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Defense Suggests More Suspects Aided Oklahoma City Bomb Plot


A persistent cast of mystery men joined the elusive “John Doe No. 2” as defense lawyers on Thursday began their effort to sow doubts that Terry L. Nichols was Timothy J. McVeigh’s sidekick in the bombing of the Oklahoma City federal building nine years ago.

With the trial that could end in Nichols’ execution now at its midpoint, witnesses opening the defense phase on Thursday told of spotting at least three other possible associates of McVeigh as the plot moved toward the explosion on April 19, 1995, that killed 168 people.

Two of the strangers -- one described as wearing the same distinctive baseball cap depicted by the FBI in the sketch of a man supposedly accompanying McVeigh to the Ryder agency where he rented the truck for the bombing -- were placed by witnesses at a motel where McVeigh stayed in Junction City, Kan.

Nichols, 49, in his regular uniform of gray blazer and white shirt, looked on impassively and at times with a fierce wide-eyed stare, occasionally jotting notes and leaning over to whisper to one of his three lawyers. He did not doze as he appeared to do last week during graphic accounts of the recovery of the remains of 19 children that left jurors weeping.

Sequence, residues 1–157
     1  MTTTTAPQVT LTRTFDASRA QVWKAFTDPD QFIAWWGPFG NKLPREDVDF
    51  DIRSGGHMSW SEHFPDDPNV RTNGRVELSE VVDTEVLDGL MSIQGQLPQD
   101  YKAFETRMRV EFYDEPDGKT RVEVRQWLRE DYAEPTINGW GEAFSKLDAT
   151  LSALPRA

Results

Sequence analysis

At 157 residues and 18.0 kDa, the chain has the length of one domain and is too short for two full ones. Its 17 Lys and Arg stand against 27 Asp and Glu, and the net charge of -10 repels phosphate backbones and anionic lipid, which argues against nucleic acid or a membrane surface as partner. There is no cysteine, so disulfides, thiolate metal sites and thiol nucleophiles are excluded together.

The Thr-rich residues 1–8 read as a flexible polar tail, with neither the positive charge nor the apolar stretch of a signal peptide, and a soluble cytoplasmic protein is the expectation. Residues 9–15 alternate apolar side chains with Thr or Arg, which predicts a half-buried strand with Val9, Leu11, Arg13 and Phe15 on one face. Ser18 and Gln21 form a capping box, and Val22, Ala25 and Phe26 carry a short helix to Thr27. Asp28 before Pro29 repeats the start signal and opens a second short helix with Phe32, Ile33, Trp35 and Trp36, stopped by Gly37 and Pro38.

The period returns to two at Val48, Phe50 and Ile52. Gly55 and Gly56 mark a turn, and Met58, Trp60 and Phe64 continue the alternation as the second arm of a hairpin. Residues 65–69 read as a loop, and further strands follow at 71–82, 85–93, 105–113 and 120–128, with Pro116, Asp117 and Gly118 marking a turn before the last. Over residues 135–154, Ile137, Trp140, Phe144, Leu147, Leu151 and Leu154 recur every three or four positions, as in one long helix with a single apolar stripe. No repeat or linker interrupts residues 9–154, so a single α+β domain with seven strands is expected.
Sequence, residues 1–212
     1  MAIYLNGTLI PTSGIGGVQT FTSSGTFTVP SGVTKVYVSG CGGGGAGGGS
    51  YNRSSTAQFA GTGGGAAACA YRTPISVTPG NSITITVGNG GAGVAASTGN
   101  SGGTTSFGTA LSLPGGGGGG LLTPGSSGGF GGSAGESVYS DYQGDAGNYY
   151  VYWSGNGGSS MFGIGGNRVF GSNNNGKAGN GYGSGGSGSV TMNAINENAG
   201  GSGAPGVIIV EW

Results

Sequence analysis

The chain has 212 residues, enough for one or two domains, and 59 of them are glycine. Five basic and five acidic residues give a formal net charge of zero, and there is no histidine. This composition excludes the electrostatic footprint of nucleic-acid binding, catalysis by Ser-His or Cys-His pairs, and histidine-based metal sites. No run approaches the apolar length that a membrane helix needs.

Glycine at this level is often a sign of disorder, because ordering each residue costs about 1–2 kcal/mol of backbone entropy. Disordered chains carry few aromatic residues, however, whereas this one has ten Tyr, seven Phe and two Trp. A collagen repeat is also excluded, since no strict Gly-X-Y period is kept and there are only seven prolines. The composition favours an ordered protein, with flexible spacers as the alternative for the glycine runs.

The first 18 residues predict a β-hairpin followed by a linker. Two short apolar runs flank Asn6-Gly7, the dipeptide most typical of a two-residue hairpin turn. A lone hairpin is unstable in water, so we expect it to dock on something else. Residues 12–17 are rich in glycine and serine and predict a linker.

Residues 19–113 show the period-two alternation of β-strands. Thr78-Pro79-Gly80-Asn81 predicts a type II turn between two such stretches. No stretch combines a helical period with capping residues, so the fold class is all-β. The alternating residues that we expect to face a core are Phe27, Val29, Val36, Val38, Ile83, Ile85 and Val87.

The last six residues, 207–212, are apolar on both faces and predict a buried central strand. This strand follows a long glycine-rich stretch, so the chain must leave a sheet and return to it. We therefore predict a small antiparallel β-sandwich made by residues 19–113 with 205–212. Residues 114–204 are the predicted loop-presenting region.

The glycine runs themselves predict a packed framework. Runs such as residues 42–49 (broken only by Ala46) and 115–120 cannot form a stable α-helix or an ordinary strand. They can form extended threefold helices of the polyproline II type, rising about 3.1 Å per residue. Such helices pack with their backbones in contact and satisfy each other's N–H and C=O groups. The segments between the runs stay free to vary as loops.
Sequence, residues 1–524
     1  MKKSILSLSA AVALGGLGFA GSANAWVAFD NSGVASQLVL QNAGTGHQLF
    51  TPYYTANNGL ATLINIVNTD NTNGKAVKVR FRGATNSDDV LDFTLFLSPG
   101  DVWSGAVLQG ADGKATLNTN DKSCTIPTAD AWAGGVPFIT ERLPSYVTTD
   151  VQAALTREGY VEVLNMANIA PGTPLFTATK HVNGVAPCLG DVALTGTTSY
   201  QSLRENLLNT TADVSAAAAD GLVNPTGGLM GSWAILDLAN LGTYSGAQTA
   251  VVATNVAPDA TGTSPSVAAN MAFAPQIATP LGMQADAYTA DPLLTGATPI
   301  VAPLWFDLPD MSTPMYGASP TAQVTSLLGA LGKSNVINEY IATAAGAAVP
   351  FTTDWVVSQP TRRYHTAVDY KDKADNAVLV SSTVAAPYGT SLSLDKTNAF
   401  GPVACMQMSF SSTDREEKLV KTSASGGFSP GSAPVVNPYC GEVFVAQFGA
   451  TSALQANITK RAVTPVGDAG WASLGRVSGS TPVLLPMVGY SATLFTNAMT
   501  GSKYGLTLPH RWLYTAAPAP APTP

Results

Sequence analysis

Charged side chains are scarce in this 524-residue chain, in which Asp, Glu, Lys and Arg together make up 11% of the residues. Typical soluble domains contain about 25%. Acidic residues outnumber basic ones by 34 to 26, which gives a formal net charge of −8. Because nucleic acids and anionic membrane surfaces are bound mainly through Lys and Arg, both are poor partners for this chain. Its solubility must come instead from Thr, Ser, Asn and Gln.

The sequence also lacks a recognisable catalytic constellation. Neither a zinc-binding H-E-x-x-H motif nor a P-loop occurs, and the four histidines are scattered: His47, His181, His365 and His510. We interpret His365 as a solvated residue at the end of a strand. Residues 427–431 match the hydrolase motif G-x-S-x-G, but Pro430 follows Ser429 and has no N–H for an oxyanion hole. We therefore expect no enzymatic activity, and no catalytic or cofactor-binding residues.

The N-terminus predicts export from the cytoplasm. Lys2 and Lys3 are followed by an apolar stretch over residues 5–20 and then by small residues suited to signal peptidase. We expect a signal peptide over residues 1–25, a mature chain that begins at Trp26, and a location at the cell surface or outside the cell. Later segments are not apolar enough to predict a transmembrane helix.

Massachusetts Aims To Cut Emission Of Greenhouse Gases


Governor Mitt Romney plans to unveil a comprehensive agenda on climate change Thursday, which officials said would make Massachusetts the first state to consider the impact on greenhouse gases when state regulators evaluate highway projects and other public construction plans.

Massachusetts, which was the first state to regulate carbon dioxide emissions from power plants, would go further by basing its transportation planning and funding decisions in part on the greenhouse gases that projects would produce. The plan also suggests giving the owners of hybrid cars tax breaks and the right to use high-occupancy vehicle lanes even without passengers.

The Massachusetts Climate Protection Plan represents the state’s effort to meet regional emissions goals that New England’s governors and Eastern Canada’s premiers embraced in 2001.

The plan was cheered by environmental groups, which had hoped for a strong signal that Romney would extend the previous administration’s efforts to limit greenhouse gases.

“Governor Romney is making it clear that he understands that failure to act on climate change is not an option,” said Frank Gorke, of the Massachusetts Public Interest Research Group. “And that he understands that, to rise to the challenge of reducing pollution, states have to lead by example.”